Changing the Way We Think About Money

Money and I (like sugar) have had a complicated relationship–––over the past several years I have been working hard to change my narrative; happily, I am making progress.

It turns out, money issues were a challenge for many of my ancestors as well. This past year, I have spent time each week exploring my roots. This journey has been a fascinating and wonderful puzzle. In the process, I discovered I had relatives that were in the literal poorhouse, like in a Dickens novel.

We tell ourselves stories about money, and then we make those stories come true, even if they began as lies.

And those stories get passed down for generations.

That’s why I loved the podcast episode with Ashley M. Fox. Ashley, like me, and perhaps like someone you know, wanted to change her narrative around money.

Her first job out of college was helping people with positive narratives regarding money build on those narratives. Through her work, Ashley discovered a secret sauce of sorts to having a healthier relationship with money. Now, she is on a mission to share what she has learned with us.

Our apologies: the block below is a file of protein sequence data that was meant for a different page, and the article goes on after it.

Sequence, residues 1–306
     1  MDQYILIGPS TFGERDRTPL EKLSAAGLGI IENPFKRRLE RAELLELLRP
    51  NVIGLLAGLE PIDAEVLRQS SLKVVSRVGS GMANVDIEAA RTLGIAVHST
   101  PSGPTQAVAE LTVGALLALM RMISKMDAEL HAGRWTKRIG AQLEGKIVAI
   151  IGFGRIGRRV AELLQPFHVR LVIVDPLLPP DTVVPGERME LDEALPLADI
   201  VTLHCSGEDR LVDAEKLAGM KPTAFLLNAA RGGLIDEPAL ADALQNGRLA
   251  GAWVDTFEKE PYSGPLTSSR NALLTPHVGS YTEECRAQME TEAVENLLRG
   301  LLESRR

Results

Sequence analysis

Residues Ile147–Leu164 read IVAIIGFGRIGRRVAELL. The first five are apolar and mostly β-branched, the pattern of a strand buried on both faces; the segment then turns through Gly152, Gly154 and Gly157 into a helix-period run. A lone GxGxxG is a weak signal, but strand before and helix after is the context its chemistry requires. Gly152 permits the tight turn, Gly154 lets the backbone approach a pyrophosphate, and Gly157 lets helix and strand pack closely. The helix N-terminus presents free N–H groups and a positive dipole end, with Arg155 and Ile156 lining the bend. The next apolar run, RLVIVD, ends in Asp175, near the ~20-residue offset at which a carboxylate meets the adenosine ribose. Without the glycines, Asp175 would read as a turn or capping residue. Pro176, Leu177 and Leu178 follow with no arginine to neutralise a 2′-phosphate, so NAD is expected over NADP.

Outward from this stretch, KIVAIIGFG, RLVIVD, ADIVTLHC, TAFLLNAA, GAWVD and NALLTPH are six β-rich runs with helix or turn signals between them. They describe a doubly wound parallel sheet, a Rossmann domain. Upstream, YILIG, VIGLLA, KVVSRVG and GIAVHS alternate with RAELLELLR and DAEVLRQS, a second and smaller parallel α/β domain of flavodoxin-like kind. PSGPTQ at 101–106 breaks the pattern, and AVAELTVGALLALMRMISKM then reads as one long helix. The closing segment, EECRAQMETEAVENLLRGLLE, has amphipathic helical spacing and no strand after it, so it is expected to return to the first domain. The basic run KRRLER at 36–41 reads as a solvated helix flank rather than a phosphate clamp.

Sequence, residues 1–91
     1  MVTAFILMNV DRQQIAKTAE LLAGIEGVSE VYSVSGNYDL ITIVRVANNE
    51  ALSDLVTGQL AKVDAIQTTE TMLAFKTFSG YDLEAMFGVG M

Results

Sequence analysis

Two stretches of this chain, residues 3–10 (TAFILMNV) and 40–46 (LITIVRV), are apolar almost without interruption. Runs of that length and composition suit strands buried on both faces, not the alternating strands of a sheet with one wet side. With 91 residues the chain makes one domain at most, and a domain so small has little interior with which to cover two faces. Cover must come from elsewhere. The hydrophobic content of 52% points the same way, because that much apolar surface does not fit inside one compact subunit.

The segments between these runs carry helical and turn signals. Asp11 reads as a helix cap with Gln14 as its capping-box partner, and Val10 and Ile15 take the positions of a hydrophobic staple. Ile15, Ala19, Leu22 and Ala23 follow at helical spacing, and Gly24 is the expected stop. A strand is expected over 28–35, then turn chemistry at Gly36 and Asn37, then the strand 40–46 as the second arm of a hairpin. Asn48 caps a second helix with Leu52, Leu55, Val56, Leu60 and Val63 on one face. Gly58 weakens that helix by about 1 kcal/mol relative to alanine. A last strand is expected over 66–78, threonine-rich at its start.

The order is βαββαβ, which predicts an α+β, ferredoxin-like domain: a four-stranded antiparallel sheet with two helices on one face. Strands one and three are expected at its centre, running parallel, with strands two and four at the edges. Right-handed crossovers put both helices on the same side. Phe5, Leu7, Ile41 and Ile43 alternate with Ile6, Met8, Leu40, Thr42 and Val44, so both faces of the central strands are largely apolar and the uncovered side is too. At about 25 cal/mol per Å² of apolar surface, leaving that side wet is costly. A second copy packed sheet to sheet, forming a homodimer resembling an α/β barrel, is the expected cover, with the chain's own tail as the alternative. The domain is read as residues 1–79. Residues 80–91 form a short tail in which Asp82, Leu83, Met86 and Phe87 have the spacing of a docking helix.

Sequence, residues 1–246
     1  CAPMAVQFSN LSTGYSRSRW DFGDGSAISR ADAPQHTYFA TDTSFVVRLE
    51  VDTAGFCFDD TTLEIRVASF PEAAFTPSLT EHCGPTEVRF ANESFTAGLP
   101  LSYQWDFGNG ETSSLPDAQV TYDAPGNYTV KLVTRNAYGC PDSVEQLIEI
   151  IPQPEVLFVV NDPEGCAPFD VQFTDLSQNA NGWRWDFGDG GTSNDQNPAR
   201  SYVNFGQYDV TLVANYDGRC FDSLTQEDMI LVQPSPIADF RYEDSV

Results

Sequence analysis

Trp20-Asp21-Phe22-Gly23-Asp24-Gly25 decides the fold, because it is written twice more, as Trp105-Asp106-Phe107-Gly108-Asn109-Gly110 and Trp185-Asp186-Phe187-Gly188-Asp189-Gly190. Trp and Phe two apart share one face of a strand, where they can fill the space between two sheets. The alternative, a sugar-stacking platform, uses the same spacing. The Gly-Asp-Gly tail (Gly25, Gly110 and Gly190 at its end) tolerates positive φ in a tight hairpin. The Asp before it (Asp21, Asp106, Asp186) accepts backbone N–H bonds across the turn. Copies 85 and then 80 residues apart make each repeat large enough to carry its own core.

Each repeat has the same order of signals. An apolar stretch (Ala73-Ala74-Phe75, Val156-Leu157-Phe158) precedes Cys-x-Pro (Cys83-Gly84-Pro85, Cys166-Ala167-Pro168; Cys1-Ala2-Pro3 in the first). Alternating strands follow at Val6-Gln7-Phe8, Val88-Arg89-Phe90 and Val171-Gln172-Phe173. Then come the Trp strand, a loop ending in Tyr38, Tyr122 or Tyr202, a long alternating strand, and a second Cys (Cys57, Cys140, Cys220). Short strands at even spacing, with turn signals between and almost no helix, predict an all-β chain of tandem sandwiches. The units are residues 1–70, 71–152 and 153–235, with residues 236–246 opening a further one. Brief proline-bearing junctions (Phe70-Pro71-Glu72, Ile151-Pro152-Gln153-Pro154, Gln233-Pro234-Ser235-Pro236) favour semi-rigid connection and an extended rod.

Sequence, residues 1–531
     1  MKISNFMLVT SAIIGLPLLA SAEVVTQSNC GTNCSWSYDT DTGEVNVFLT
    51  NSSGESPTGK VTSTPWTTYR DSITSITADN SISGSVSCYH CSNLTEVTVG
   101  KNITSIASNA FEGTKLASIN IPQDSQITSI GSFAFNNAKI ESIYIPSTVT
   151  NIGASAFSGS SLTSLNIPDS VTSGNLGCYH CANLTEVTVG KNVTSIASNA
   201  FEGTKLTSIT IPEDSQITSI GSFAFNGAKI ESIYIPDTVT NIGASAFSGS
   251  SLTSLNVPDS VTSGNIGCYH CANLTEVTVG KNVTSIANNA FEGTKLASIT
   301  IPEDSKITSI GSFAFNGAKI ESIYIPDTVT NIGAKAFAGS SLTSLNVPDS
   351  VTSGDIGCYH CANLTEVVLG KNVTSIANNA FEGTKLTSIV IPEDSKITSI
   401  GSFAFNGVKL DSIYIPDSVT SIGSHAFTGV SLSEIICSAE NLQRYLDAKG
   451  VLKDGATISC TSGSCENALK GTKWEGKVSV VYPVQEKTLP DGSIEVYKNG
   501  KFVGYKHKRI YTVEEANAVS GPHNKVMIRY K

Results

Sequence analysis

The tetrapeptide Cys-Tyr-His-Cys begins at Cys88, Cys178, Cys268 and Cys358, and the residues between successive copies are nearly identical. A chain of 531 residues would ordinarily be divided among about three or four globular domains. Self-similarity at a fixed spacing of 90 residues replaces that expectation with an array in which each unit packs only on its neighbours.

You’ll want to listen to the podcast, but here are a few highlights:

1. No matter where you are from, what you started out with, what you do and do not have, it is possible to build wealth; you can be the transitional figure in your family. You can change your family tree.

2. If you have emotional baggage around money and families / guilt and shame, go to therapy.

3. Observe how you talk about money to yourself and around your family. What stories are you telling yourself? If you are always talking about debt, then you will likely stay in debt. Conversely, if you talk about building wealth, your brain will find a way to do that.

For example, if you say, “Oh, they are rich…”, is there an implicit statement in there, insinuating that you can’t be?

4. Money is our employee––whether you are an entrepreneur or a working professional, money needs to work for you. Give your money a job.

5. Invest in companies you know, use and believe in––instead of spending that extra $100, invest it. You can start with something like StockpileWhich I do.

6. Start now. Today.

As Ashley wisely said, money is an employee, put it to work. If we are a good manager of our money, we can be in a position to provide for our family beyond this generation and do good in the world beyond our physical presence. We can more quickly scale our own S Curves while also making it possible for others to scale theirs.

If you, or someone you know, wants to change your/their narrative around money, listen to this episode, and then go back and listen to my interview with Jonathan Mendonsa about financial independence.

Again, give your money a job.

My best,

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